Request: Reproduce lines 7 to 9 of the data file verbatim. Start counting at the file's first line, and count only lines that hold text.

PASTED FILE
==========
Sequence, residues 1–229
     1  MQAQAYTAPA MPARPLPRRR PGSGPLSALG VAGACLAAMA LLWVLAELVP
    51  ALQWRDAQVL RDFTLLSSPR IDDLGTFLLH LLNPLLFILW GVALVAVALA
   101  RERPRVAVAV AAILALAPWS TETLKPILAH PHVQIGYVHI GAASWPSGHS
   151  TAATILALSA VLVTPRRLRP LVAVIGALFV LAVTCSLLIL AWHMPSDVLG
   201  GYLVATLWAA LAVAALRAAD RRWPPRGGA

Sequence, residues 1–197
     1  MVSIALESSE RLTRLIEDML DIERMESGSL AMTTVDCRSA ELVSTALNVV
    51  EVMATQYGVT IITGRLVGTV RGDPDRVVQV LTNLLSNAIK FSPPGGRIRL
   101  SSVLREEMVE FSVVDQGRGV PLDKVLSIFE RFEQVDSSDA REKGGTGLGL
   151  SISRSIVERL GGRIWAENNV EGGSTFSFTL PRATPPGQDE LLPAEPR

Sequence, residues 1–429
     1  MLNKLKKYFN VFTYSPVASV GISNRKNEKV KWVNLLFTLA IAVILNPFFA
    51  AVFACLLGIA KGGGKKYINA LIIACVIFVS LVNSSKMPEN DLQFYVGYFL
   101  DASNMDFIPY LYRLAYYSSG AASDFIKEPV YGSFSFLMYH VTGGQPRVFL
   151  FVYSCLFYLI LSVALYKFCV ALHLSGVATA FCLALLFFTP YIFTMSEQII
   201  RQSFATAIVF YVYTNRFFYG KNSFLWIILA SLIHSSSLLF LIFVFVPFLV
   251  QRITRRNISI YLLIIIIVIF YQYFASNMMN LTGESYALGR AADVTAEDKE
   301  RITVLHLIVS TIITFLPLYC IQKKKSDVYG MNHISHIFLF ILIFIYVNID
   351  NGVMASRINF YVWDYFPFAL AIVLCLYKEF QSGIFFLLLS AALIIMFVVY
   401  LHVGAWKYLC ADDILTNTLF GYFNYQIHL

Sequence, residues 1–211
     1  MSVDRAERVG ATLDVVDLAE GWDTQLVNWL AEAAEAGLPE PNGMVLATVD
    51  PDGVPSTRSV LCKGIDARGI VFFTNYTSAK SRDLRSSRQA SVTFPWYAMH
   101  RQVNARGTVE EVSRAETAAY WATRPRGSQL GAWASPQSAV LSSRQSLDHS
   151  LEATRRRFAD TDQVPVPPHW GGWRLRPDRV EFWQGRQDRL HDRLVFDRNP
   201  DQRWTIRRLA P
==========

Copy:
Sequence, residues 1–197
     1  MVSIALESSE RLTRLIEDML DIERMESGSL AMTTVDCRSA ELVSTALNVV
    51  EVMATQYGVT IITGRLVGTV RGDPDRVVQV LTNLLSNAIK FSPPGGRIRL